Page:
Burkholderia glumae was first reported in Japan (Kurita and Tabei, 1967; Uematsu et al., 1976), however, it is currently distributed in most rice producing countries including Japan, Thailand, Vietnam, South Korea, Malaysia, Philippines, Sri Lanka, United States, Panama, Nicaragua, Costa Rica and Colombia (Devescovi et al., 2007; Fory et al., 2014; Ham et al., 2011; Rush, 1998; Shahjahan et al., 2000; Zhu et al., 2008). Unfortunately, the incidence of B. glumae, has increased in recent years due to variables such as climate change (Schaad, 2008), the high genetic diversity of the species (Karki et al., 2012; Nandakumar et al., 2009; Seo et al., 2015) and a lack of proper management and control strategies (Cui et al., 2016). Despite the importance of the disease, there is still a lack of knowledge of the life cycle of the bacteria, associated with its mechanism of entry to the plant, and the biological events that happen after such entry (Ham et al., 2011). This situation arises because if the pathogen carrier seedlings, manages to survive the postgermination phase, the plant during its vegetative phase is mostly asymptomatic until grain formation, where symptoms of the disease appears again (Hikichi et al., 1993; Li et al., 2016).

It has been suggested that two main reservoirs of the microorganism in nature are asymptomatic seeds (Fory et al., 2014; Hikichi et al., 1993; Zhu et al., 2008), and bulk soil in the crop zones (Stopnisek et al., 2014; Uetmasu et al., 1976). Therefore, there are mainly two hypotheses of the entry of this pathogen to the plant. The first involves bacterial penetration through natural openings and/or wounds on roots, leaves and/or spikelet from an environmental reservoir of the bacteria (Hikichi, 1993; Li et al., 2017; Tsushima et al., 1996). Direct spraying of B. glumae on plant leaves and spikelets has provided support for this mechanism of entry (Tsushima et al., 1996). More recently, Li and colleagues, sprayed directly a bacterial suspension of the B. glumae LMG 2196 strain, expressing the green fluorescent protein (gfp) gene, on leaves of plants at tillering stage using 10 ml at 1 × 109−1 (Li et al., 2016) and on spikelets using 1 ml at 7 × 108−1 (Li et al., 2017). These authors successfully showed B. glumae rice plant colonization of the vascular bundle through stomas, epidermal and leaf hairs infection (Li et al., 2016), and colonization of gynoecium and stamens, after bacterial cell proliferation on glumae and penetration through glumae hairs (Li et al., 2017). Similarly, to imitate the transmission of soil-borne of B. glumae, rice seeds have been inoculated using a bacterial suspension of the Pg-4 strain of Pseudomonas glumae (B. glumae) at 108 for 4 h (Hikichi, 1993). That study showed the infection of all plant organs at seedling stage, between 2 × 105 – 107 per gram of fresh weight. More recently, Li et al. (2016), dipped for two hours root seedlings in a bacterial suspension of the gfp-Bg-1 strain, at 109−1, showing the colonization of the vascular bundle and epidermal cells of the root after 4–5 days after inoculation (Li et al., 2016).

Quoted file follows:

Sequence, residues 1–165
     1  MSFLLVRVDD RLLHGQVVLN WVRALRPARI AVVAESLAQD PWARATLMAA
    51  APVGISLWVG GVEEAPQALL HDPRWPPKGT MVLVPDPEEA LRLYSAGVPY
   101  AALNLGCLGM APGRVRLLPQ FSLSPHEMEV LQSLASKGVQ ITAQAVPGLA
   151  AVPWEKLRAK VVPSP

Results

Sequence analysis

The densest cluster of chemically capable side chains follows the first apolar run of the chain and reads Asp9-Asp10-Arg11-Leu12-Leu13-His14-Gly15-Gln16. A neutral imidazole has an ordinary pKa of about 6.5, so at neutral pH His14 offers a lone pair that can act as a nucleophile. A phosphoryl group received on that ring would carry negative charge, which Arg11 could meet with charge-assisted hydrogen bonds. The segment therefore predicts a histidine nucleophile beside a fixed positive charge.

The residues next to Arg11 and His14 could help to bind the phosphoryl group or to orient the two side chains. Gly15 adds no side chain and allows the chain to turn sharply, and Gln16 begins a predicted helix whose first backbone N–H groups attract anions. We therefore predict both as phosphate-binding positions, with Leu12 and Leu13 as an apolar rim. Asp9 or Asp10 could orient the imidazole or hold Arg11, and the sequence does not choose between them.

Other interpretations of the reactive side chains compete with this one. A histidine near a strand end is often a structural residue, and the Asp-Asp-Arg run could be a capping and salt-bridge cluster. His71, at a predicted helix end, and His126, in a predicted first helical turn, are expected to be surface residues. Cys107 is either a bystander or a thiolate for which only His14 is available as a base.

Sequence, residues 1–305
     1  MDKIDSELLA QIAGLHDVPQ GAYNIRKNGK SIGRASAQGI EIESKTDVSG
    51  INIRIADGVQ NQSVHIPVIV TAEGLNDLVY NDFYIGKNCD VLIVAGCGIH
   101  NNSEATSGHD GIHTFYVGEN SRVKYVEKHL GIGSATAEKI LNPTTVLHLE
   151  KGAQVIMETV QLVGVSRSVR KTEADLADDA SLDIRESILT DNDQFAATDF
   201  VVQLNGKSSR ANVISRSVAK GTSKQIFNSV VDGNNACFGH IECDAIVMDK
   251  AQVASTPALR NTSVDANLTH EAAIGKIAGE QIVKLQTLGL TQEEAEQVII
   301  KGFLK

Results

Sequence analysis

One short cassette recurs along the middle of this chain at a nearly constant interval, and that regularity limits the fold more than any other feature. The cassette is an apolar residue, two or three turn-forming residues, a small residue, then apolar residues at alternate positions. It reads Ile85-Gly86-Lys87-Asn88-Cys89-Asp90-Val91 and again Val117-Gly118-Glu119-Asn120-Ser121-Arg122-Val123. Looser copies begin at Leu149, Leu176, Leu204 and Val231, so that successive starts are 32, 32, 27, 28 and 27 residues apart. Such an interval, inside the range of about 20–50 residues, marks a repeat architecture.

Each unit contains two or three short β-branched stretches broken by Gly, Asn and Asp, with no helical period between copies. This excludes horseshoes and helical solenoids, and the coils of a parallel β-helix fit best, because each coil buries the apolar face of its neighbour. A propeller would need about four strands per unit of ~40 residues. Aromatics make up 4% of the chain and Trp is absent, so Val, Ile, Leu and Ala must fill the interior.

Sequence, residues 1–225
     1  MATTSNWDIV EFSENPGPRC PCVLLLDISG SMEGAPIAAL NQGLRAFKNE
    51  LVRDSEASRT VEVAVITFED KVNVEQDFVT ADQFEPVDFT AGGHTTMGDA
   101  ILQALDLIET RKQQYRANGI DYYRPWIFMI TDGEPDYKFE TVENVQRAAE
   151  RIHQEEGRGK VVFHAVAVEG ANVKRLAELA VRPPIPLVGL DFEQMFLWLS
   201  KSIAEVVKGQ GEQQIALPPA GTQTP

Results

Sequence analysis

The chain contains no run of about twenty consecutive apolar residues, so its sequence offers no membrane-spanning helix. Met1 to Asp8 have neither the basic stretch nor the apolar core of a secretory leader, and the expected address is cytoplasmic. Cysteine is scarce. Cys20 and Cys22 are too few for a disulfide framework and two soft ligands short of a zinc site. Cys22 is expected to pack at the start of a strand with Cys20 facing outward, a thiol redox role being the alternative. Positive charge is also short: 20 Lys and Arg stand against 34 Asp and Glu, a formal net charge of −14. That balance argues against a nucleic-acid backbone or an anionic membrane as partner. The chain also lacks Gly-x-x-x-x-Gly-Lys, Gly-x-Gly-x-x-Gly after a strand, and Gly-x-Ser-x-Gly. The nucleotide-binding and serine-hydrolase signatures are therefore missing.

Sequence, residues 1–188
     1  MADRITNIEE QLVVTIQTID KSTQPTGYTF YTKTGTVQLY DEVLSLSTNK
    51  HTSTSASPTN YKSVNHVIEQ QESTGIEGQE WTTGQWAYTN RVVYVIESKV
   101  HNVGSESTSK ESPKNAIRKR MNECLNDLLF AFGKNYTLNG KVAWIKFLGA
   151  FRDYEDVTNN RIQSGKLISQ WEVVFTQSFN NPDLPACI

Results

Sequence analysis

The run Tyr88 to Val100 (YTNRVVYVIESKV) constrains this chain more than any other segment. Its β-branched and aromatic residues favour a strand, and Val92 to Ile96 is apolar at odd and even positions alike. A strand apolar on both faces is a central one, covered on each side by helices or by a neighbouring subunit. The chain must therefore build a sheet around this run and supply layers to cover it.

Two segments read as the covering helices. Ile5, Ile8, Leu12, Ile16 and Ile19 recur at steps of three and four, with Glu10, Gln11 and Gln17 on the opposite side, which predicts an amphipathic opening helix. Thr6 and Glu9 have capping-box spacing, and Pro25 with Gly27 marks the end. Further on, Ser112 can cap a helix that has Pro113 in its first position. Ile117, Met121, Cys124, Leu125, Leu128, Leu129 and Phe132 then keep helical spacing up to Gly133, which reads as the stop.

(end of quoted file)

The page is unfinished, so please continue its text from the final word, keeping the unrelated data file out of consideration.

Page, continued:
Experiments described above, successfully shows the penetration of B. glumae at vegetative stages from airborne and soil-borne sources; however, this knowledge does not fully elucidate the development of B. glumae infection when bacteria are located within infected asymptomatic seeds. Besides, it is not even clear what happens to bacteria during vegetative growth of the plant after that kind of infection, because those studies do not fully solve the question of whether it remains on the ground, epiphytically or as endophyte in the plant, particularly when rice seeds have been inoculated (Hickichi, 1993). In this context, the aim of this study was to determine the colonization capacity of B. glumae during vegetative and reproductive stage of the rice plant, starting from seed infection, both from asymptomatic seeds, carrying a known population of the bacteria and from B. glumae free rice seeds, planted on water agar as substrate with a known concentration of B. glumae.

Materials and Methods

Biological Material